Structures of Coxsackievirus A10 unveil the molecular mechanisms of receptor binding and viral uncoating
Ling Zhu, Yao Sun, Jinyan Fan, Bin Zhu, Lei Cao, Qiang Gao, Yanjun Zhang, Hongrong Liu, Zihe Rao & Xiangxi Wang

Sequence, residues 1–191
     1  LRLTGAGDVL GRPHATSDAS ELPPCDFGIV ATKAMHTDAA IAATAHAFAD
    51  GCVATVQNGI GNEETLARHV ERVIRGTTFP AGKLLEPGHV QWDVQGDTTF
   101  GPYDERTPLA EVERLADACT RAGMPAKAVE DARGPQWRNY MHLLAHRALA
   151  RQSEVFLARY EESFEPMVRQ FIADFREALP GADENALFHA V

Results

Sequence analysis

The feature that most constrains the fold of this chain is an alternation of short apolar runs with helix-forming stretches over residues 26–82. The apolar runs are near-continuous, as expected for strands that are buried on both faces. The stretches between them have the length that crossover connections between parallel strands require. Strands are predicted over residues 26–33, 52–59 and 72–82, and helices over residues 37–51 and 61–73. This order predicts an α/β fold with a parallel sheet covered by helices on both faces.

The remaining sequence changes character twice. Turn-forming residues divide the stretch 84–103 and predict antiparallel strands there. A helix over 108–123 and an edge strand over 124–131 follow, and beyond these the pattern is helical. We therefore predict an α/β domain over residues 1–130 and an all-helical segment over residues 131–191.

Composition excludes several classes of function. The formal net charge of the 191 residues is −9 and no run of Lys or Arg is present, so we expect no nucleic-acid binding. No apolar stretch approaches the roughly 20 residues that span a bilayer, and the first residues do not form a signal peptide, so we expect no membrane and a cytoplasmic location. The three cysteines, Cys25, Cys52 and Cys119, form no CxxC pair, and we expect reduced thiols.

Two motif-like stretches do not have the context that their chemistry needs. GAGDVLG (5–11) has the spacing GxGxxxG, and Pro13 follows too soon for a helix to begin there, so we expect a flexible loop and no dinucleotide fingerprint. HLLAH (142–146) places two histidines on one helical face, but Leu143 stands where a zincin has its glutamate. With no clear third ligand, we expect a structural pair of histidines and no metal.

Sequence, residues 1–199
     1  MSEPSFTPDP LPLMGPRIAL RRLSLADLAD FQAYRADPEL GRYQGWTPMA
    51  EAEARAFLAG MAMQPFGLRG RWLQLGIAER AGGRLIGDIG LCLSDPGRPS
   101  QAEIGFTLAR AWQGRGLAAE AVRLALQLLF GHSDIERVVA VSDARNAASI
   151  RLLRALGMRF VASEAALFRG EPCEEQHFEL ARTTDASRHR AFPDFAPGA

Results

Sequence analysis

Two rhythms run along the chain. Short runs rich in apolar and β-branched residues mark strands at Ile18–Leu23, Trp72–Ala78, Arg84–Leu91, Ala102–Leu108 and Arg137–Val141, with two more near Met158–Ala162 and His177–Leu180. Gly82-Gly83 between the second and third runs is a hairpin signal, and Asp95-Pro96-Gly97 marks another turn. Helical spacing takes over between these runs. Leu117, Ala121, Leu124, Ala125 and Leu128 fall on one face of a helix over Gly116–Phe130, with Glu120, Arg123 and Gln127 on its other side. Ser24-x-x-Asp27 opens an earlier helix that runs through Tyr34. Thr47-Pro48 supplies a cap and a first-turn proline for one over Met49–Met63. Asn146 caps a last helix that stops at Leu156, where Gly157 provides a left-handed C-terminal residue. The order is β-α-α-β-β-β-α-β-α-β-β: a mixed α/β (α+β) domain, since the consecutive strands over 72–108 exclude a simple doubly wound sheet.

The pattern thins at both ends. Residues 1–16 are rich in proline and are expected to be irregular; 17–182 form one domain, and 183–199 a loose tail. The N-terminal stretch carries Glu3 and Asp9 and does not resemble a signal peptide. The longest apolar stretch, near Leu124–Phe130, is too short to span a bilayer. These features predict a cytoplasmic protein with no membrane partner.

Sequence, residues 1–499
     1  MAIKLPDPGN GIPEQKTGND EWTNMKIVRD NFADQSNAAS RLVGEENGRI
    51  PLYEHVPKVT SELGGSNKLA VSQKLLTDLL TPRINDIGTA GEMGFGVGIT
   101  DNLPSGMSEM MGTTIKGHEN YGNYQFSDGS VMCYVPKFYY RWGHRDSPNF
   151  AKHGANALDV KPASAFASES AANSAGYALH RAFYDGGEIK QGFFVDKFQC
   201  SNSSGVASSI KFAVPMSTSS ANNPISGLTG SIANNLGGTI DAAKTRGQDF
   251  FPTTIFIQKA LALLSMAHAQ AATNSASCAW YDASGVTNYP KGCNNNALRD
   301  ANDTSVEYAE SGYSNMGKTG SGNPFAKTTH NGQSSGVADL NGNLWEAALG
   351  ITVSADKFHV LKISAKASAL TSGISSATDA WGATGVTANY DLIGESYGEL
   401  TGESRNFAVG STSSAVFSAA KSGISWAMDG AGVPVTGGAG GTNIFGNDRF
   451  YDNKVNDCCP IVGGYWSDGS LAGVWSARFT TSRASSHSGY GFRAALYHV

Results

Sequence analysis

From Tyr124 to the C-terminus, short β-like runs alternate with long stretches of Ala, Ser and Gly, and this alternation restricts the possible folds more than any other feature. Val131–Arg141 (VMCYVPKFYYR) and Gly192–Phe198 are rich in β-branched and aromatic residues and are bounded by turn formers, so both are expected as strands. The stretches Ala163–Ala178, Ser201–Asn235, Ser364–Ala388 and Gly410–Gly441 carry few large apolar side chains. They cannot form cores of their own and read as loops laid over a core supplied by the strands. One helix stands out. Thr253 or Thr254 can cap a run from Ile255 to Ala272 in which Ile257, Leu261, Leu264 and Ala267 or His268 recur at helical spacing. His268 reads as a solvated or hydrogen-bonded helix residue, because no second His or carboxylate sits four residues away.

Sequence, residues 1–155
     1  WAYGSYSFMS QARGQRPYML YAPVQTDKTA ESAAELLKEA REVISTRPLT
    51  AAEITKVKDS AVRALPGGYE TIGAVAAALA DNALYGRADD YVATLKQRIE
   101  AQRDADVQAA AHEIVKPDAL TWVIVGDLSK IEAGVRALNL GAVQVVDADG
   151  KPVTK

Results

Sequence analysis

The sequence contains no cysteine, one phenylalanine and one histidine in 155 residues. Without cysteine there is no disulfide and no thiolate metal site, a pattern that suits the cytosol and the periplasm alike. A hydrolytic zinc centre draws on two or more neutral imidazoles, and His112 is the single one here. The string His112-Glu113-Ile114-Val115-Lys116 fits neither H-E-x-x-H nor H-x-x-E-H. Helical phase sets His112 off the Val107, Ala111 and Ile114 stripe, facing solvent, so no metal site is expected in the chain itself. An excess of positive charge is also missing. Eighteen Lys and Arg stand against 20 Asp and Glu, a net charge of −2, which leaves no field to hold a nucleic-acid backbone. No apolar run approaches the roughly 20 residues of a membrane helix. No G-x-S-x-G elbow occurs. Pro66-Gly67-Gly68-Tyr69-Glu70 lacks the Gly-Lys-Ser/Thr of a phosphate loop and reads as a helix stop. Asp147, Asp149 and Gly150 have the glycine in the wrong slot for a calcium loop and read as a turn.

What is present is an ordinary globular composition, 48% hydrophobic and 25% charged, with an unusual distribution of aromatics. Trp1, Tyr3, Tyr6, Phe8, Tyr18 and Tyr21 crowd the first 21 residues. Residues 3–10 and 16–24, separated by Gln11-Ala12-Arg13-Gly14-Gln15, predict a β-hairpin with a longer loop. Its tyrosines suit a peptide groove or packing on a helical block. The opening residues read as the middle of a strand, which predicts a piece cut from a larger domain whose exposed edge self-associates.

Coxsackievirus A10 (CVA10), a human type-A Enterovirus (HEV-A), can cause diseases ranging from hand-foot-and-mouth disease to polio-myelitis-like disease. CVA10, together with some other HEV-As, utilizing the molecule KREMEN1 as an entry receptor, constitutes a KREMEN1-dependent subgroup within HEV-As. Currently, there is no vaccine or antiviral therapy available for treating diseases caused by CVA10. The atomic-resolution structure of the CVA10 virion, which is within the KREMEN1-dependent subgroup, shows significant conformational differences in the putative receptor binding sites and serotype-specific epitopes, when compared to the SCARB2-dependent subgroup of HEV-A, such as EV71, highlighting specific differences between the sub-groups. We also report two expanded structures of CVA10, an empty particle and uncoating intermediate at atomic resolution, as well as a medium-resolution genome structure reconstructed using a symmetry-mismatch method. Structural comparisons coupled with previous results, reveal an ordered signal transmission process for enterovirus uncoating, converting exo-genetic receptor-attachment inputs into a generic RNA release mechanism.